How to create Apple Certificates for App Signing
Note: During this guide you will see [email protected] used in the place of an AppleID email. You should replace that with your own AppleID email.
Step 1 – Obtain an Apple Developer Account
This is the only step that will require payment. An Apple developer account will cost you 99$/year and can be created at the Apple Developer website.
Step 2 – Create the CSR
Next we’ll create the Certificate Signing Request which we will be able to upload to Apple for, you guessed it, signing! 🙂
First open the Keychain Access App and navigate to the following button:
This will open the Certificate Assistant which will prompt you to enter your Apple ID Email and the certificate Common Name. The Common Name can be whatever you want, ie “ENATIK dev key”.
Make sure you select Saved to disk as the request saving type. The field CA Email address can be left empty.
Click Continue, this will prompt you to save the .certSigningRequest file somewhere on your device.
Once the file is created head to the Apple New Certificate menu (either navigate through the Apple Developer website or click here to go straight to it)
Step 3 – Selecting the type of Apple Certificate
If you are following our guide for App Releasing on MacOS, you will need the “Developer ID Application“. You will also need the “Developer ID Installer” if you are shipping your app within a .pkg file. You can safely ignore the rest of Step 3.
This part can be tricky and I see it tripping people up all the time, so I have created a table for reference. Make sure to choose the correct type of certificate. Picking the wrong one will result in signature validation errors that will leave you pulling your hair out.
I am not sure why Apple makes it so complicated but I am sure they have their reasons.
Step 3.1 – The In-Depth guide
For those interested in a more detailed explanation I have created a table for reference.
iDevices – iPhones, iPads, Apple Watches, Apple TVs, iPods and others
Macs – Macbooks, iMacs, Mac Pros, Mac Minis and others
Ad Hoc – Apple’s term for direct download apps. These are subject to pretty strict requirements including having to hardcode your target devices into your app before signing. Not for the faint of heart or covered here.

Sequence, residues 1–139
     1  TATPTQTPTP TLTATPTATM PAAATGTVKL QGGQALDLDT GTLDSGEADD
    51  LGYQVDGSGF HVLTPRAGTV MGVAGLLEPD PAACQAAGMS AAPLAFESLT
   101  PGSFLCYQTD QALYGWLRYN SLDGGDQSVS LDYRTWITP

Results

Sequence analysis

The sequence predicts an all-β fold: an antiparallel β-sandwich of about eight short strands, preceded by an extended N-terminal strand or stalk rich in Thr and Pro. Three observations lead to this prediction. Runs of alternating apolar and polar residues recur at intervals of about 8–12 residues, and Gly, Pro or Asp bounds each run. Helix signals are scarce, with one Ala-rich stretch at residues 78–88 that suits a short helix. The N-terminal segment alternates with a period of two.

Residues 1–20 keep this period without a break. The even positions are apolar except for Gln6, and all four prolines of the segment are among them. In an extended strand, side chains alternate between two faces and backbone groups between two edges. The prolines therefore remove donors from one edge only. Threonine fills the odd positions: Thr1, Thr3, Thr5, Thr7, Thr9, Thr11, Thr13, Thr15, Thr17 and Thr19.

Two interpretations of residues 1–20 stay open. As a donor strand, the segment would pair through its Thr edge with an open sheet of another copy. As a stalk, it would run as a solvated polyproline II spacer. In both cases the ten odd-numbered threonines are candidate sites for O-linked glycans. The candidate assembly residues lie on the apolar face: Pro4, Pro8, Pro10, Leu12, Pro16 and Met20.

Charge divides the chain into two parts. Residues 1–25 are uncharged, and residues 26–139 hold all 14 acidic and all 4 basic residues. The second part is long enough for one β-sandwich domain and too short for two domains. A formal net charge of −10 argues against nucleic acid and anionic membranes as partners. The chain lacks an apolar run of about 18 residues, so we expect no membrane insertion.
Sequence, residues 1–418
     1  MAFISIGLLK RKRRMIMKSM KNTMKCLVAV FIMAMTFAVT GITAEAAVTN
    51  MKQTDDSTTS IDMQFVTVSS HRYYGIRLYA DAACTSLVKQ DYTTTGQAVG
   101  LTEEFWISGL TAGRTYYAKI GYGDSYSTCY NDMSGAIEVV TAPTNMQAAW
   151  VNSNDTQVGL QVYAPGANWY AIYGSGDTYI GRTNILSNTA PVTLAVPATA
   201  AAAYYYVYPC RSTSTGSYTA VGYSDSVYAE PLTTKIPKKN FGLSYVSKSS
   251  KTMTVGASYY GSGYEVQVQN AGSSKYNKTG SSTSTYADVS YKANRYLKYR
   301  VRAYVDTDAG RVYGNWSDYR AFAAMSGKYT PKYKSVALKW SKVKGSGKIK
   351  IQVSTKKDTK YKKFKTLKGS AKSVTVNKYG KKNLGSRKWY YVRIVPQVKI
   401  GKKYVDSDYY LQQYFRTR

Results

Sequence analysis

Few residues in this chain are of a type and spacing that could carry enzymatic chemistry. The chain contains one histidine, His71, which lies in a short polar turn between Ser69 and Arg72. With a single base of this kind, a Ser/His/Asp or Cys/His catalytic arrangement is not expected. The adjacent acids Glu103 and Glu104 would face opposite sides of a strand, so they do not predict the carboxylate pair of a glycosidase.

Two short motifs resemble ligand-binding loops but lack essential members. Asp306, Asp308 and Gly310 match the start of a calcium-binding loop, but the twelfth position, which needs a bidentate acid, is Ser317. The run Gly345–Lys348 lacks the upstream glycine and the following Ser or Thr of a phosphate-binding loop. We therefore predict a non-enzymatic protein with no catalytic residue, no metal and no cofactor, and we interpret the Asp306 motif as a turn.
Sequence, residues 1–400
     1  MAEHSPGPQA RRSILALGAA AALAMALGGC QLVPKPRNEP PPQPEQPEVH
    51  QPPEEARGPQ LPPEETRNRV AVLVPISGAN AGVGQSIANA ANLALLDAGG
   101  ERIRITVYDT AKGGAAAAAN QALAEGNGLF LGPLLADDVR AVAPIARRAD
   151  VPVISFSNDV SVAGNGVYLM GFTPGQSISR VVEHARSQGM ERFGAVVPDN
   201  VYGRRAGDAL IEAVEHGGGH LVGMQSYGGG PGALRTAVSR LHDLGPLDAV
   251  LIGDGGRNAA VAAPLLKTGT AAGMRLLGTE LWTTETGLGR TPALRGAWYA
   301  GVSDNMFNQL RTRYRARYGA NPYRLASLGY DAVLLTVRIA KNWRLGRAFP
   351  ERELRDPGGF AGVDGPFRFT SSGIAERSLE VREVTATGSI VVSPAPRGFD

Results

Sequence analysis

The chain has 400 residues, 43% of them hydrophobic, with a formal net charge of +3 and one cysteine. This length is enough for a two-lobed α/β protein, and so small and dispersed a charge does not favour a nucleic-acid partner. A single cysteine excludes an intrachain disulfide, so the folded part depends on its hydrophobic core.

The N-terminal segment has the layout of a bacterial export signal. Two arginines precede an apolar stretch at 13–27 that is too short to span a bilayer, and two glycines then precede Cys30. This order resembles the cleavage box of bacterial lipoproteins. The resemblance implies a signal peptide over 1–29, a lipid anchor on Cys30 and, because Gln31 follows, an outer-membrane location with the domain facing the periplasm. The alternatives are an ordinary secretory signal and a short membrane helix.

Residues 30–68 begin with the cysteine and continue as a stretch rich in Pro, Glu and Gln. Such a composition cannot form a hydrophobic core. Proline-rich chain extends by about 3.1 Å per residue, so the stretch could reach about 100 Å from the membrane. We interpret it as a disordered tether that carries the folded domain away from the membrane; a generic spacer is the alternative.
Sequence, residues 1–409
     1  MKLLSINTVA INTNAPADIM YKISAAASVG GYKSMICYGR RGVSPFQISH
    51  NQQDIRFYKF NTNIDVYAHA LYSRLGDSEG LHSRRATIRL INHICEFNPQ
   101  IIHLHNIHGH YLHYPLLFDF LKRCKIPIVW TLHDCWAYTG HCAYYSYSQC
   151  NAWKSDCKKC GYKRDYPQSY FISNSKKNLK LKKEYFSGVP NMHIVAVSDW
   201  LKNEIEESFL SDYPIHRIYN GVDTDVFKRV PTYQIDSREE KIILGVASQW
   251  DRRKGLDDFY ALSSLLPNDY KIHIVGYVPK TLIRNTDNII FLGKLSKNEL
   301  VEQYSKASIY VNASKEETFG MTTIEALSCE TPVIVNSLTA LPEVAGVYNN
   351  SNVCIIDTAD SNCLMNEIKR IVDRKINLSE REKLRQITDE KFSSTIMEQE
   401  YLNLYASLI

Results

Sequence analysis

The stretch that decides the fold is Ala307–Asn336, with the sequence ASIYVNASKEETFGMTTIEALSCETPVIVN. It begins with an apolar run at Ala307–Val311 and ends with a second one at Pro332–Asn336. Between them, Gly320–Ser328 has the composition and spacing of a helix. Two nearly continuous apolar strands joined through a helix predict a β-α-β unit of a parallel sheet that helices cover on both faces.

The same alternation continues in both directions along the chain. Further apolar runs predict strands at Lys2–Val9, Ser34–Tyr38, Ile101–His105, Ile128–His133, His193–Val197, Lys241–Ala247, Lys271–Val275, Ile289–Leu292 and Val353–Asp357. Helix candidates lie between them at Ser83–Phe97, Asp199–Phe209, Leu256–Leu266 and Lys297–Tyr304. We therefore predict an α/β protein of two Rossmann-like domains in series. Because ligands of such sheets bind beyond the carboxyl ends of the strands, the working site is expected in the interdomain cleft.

AppStore – The App Store on the target platform. These certificates CANNOT be used to sign apps for distribution outside the App Store unless you are targeting an Ad-Hoc distribution.
|Certificate Name||You need it for||You Can Sign|
|Apple Development||Installing testing versions of your apps on OTHER people’s iDevices. Requires Xcode 11+||iDevices apps (testFlight testing)|
Mac apps (testing*)
|Apple Distribution||Signing apps for submission to the App Store for iDevices and Macs. Requires Xcode 11+||iDevice apps (AppStore or Ad Hoc)|
Mac apps (AppStore)
|iOS App Development||Installing testing versions of your apps on OTHER people’s iDevices.||iDevices apps (testFlight testing)|
|iOS Distribution (App Store and Ad Hoc)||Signing apps for submission to the App Store for iDevices.||iDevice apps (AppStore or Ad Hoc)|
|Mac Development||Not very useful*||Mac apps(testing*)|
|Mac App Distribution||Signing apps for submission to the App Store for Macs.||Mac apps(AppStore)|
|Mac Installer Distribution||Signing installers for submission to the App Store for Macs.||Mac installers(AppStore)|
|Developer ID Installer||Signing installers for direct distribution for Macs.||Mac installers(direct)|
|Developer ID Application||Signing apps for direct distribution for Macs.||Mac apps(direct)|
Step 4 – Obtaining the certificate
After selecting the type of certificate Apple will prompt you to upload your .certSigningRequest file we generated earlier. Once that’s done it should only take a few seconds for your certificate to be approved. You can now download your certificate and should do so.
You should now install the certificate by double-clicking the .cer file you just downloaded. This will add an entry to your Keychain Access login chain. You can find your new certificate under “My Certificates“